"GD" stands for "Grand D├ępart",  a phrase used to describe the beginning of the Tour de France, and  which has been borrowed by Sam and Dylan of Ride and Seek for our departure from London on Sunday on OUR BIG BIKE RIDE. Tomorrow we will move from our current, more modest accommodations to The Caesar Hotel, where we dropped our bikes yesterday on our way across town in the taxi. (Had we not been going on to further adventures after our big bike ride we'd have gone straight there, but felt we should try to save a bit of money at the start of this long continental sojourn.)  We are so looking forward to being reunited with our bikes and putting them together, then meeting our fellow expeditioners for a little ride in and around Hyde Park before we leave on Sunday for Dover and beyond. So, this will be my last "Random Rambling" for at least a month as we ride away across western Europe. It'll all be Hail Caesar between now and then, as we (roughly) trace the emperor's route home. I'd just like to leave you with a snippet from Calvin and Hobbes, which I reckon captures quite well my childish delight in walking a different path ...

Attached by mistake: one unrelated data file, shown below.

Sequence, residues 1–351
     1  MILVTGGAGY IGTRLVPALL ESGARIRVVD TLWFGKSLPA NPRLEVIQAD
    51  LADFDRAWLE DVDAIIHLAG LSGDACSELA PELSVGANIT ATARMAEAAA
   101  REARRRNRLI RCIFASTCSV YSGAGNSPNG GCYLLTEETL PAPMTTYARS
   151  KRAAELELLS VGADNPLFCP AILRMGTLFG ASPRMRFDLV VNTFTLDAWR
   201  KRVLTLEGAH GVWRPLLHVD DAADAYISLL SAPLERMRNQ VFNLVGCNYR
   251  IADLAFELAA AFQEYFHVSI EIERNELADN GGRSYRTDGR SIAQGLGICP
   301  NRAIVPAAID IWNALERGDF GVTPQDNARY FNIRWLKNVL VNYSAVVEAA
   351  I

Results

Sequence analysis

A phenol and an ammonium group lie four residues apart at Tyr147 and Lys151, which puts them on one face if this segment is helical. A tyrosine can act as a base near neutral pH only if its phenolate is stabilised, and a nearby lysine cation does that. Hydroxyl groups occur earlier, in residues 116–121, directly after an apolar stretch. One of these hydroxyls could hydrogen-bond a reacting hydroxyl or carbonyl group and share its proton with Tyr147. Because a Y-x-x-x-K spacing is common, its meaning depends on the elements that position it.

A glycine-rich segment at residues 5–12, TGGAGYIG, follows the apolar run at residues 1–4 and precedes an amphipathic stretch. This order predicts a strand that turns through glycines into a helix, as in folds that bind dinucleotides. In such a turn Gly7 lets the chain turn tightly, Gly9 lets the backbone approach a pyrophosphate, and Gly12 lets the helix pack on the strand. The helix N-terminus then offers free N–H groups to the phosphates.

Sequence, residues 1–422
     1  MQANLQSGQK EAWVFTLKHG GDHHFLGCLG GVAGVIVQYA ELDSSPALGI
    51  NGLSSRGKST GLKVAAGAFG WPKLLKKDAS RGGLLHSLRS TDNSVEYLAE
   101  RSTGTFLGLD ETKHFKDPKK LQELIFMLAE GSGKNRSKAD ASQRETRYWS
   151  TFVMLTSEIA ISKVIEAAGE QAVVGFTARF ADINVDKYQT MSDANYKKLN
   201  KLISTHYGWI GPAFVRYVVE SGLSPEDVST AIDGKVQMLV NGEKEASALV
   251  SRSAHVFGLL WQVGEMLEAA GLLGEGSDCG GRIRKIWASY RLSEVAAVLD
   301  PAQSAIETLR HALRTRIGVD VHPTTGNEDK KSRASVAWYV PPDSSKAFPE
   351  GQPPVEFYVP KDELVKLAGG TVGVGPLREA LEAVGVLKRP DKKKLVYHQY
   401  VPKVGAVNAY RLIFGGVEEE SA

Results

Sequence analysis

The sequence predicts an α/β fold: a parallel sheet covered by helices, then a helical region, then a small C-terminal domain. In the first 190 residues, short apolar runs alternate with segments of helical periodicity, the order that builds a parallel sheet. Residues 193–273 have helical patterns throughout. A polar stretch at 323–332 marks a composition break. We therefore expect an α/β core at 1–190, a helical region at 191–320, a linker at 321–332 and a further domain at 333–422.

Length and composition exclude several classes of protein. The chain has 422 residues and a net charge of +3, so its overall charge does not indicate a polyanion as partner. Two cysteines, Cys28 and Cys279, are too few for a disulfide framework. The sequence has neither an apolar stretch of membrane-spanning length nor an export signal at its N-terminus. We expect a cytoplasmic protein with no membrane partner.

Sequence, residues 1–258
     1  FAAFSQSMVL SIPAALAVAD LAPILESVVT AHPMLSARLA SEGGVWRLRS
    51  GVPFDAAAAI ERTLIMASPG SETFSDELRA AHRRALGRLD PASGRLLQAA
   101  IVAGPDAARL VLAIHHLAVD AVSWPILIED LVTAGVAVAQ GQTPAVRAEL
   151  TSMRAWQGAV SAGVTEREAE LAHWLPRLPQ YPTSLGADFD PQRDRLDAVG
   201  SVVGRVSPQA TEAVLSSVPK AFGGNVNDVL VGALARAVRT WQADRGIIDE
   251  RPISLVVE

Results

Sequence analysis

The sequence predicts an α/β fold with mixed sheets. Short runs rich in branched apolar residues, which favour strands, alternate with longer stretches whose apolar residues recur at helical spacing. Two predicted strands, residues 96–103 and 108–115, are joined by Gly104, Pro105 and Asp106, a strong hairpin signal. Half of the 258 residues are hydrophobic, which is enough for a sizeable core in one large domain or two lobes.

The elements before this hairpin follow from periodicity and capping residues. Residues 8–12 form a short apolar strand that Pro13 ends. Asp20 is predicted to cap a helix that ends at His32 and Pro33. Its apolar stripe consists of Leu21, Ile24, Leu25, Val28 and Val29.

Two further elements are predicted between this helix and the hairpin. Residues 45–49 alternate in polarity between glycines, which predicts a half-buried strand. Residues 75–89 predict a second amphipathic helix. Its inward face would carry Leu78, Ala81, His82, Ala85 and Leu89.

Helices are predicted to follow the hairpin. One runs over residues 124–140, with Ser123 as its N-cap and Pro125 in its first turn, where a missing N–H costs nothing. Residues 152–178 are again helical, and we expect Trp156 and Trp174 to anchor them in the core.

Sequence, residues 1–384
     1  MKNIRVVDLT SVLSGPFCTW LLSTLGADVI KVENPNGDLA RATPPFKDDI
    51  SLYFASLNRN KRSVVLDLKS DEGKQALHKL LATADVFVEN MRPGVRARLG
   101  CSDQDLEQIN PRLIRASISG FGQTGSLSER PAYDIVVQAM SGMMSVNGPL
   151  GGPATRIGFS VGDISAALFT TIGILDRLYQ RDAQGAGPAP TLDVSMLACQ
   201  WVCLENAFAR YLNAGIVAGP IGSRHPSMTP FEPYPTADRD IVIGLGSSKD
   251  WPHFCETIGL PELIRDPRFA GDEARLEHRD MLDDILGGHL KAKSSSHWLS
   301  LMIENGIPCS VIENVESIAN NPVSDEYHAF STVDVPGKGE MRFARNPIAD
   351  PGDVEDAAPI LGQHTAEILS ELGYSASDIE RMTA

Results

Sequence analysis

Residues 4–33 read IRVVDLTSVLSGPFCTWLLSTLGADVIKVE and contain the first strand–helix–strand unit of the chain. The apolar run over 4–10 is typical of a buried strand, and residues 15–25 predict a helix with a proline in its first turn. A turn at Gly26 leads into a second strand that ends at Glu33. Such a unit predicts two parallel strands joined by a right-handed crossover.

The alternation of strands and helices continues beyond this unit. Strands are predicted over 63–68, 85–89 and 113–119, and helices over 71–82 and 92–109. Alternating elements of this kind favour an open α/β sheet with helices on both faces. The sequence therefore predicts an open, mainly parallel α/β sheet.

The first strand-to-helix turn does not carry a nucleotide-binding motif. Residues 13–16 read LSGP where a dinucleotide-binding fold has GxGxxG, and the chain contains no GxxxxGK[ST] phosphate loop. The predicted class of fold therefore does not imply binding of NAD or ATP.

Quia nuce vale!

Saturday, 14 May 2016

Take Me To Tasmania!

Come on Down!

I admit it. I am unabashedly in love with Tasmania. Although I do leave the place regularly for long stints, this place is home now and I always come back.

Now Tourism Tasmania have produced a promotion video which they themselves call "a bit dorky". It's probably mostly aimed at the north island market, with lots of references that would be missed elsewhere around the planet, but those of you further afield should still find it entertaining.

Some of you who will be reading this now actually live here and know why this is such a fitting way to promote our quirky corner of paradise. Others have been here and have at least an inkling of where we are coming from. And some of you have never been UnderDownunder. Hopefully this video will at least put a smile on your faces (if it doesn't I suggest you go back to bed and get up in an hour or two); maybe it will translate into a visit. It would be nice to see you ...